Supreme Court’s Chevron Ruling Underscores the Need for Clear Congressional Action on AI Regulation

Jason Green-Lowe
June 28, 2024

WASHINGTON, DC - On Friday, June 28,  the Supreme Court reduced the power of federal agencies to interpret the laws they administer. It ruled that courts should rely on their own interpretation of ambiguous laws. Jason Green-Lowe, Executive Director of the Center for AI Policy (CAIP), a nonpartisan research organization that develops policy and conducts advocacy to mitigate catastrophic risks from AI, released the following statement:

"Today, the Supreme Court overruled the Chevron doctrine. The Court's new ruling requires judges to exercise independent judgment when interpreting an ambiguous law instead of referring to a regulatory agency's interpretation of what the law should mean. This highlights the downside of leaving AI safety policy up to dozens of individual agencies: as Justice Kagan points out in her dissent, existing regulators do not have enough authority to do the job.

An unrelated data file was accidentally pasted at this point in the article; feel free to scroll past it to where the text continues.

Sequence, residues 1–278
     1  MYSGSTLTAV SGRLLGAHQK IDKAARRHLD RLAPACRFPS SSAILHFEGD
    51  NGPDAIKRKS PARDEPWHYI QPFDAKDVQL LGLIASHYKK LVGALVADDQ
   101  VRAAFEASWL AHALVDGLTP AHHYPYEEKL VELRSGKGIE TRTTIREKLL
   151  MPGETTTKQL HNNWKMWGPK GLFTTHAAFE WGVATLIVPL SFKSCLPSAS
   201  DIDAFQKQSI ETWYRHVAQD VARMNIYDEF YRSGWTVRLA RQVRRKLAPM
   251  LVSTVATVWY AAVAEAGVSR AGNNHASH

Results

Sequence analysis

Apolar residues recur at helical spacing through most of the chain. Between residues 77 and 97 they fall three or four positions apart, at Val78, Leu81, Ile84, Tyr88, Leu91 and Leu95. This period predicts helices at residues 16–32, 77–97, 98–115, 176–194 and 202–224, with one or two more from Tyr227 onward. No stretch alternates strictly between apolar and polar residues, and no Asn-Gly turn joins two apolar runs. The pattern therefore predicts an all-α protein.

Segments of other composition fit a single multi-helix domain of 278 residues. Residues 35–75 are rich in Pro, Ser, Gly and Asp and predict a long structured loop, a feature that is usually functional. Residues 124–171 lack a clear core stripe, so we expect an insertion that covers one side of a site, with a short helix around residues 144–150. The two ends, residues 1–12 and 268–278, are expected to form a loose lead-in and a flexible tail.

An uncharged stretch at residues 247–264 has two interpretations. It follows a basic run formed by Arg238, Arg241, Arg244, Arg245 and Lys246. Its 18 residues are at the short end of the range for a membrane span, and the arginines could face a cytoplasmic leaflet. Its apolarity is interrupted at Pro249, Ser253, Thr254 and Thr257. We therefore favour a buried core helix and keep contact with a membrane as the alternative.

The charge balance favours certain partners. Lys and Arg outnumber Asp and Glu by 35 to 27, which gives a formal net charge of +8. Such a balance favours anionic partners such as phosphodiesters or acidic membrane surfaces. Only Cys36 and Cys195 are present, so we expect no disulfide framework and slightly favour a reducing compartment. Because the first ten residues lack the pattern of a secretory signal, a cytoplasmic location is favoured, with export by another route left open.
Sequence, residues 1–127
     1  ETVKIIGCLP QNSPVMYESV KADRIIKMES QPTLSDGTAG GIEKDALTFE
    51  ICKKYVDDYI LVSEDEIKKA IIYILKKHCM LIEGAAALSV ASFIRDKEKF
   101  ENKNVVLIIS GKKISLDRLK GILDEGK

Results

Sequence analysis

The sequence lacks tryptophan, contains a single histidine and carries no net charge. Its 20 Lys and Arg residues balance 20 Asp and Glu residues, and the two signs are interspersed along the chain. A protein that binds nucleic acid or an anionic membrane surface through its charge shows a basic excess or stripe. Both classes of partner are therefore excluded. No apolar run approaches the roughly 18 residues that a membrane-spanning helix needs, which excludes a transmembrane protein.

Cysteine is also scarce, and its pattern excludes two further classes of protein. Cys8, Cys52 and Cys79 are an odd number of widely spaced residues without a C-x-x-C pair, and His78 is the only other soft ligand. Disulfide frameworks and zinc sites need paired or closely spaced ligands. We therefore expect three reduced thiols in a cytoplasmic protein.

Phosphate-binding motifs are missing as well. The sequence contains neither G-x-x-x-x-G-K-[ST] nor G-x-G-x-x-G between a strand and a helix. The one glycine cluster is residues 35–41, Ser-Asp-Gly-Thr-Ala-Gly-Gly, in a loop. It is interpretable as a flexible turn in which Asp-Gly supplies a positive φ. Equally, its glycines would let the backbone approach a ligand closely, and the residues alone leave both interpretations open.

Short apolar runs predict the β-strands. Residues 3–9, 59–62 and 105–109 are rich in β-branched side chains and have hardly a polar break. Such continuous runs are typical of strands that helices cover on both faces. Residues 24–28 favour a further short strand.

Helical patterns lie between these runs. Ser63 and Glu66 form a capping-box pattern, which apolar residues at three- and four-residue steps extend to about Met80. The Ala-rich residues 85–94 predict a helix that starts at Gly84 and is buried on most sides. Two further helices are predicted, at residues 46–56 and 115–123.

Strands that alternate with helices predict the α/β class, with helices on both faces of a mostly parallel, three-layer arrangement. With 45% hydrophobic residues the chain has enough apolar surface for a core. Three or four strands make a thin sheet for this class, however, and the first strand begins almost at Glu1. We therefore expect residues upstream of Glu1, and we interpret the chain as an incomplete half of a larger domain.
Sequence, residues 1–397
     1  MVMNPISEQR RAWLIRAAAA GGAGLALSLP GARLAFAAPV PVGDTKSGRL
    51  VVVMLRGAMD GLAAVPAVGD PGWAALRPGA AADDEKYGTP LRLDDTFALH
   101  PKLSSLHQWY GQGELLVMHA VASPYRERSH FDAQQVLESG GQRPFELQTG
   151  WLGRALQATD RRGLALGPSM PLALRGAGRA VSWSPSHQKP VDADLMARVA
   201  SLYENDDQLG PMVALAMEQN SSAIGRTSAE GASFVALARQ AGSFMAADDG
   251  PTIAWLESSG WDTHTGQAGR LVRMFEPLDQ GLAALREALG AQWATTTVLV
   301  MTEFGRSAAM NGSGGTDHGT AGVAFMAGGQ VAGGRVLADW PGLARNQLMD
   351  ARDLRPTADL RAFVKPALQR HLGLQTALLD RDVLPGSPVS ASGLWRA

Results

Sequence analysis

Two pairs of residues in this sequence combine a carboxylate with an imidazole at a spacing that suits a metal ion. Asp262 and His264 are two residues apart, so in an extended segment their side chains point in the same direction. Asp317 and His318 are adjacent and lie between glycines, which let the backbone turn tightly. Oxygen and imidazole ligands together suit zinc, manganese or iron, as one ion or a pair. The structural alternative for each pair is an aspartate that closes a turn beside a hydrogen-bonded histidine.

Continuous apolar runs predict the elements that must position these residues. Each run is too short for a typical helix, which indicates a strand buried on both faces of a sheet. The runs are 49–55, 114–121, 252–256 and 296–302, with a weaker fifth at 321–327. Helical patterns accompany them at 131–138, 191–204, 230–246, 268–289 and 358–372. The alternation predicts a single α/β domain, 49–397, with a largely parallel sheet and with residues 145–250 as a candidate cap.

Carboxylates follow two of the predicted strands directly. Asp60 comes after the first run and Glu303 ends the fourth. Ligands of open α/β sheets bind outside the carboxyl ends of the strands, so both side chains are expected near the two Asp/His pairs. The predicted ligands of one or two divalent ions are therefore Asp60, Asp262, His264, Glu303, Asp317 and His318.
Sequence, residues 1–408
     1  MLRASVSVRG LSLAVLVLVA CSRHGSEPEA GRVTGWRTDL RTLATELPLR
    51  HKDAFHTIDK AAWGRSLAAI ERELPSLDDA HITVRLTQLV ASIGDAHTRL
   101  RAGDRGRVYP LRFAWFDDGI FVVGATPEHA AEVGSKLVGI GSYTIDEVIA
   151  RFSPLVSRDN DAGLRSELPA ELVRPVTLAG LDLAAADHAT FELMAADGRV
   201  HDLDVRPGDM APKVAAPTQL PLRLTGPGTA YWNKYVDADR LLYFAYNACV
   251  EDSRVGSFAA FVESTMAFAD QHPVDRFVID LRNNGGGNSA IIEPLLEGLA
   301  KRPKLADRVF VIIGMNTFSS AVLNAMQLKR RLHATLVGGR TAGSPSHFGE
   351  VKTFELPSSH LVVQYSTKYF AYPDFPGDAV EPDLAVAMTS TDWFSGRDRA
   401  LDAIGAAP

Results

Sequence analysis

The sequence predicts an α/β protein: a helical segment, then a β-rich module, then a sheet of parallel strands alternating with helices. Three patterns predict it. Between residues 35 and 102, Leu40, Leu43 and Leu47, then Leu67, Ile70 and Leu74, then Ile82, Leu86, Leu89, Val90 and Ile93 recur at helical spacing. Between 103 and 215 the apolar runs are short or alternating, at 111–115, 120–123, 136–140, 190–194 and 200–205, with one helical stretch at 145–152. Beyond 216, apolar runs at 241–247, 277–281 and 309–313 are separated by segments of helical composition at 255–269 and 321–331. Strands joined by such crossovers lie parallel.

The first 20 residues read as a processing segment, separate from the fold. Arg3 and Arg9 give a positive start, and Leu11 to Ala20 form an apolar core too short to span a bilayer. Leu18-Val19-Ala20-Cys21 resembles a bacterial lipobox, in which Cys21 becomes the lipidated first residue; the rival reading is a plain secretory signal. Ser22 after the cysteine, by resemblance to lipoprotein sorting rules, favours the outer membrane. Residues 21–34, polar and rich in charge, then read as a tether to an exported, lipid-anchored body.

"There is widespread agreement that AI is evolving too quickly for Congress to pass a new law on the topic every time the technology changes. As a result, Congress will need to expressly delegate the authority for a technically literate AI safety regulator to adjust our policies.

"The Loper Bright Enterprises decision does not bar Congress from delegating this authority, but it requires Congress to speak clearly. CAIP urges Congress to speak clearly, quickly, and firmly to protect America against the increasing threats from advanced, general-purpose AI. Section 6(g) of our model legislation offers suggested language to accomplish this goal, and we encourage interested parties to include similar language in their post-Chevron legislation."

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